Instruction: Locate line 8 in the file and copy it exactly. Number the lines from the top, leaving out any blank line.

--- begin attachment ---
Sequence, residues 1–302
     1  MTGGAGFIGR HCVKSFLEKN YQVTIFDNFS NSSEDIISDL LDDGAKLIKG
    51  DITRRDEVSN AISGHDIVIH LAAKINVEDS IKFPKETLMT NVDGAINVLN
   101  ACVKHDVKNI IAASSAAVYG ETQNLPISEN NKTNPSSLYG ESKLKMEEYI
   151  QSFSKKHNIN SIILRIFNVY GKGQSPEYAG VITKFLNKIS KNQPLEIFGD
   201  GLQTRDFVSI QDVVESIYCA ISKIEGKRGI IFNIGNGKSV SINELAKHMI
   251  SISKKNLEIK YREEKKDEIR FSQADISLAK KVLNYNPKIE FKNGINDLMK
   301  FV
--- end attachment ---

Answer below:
   301  FV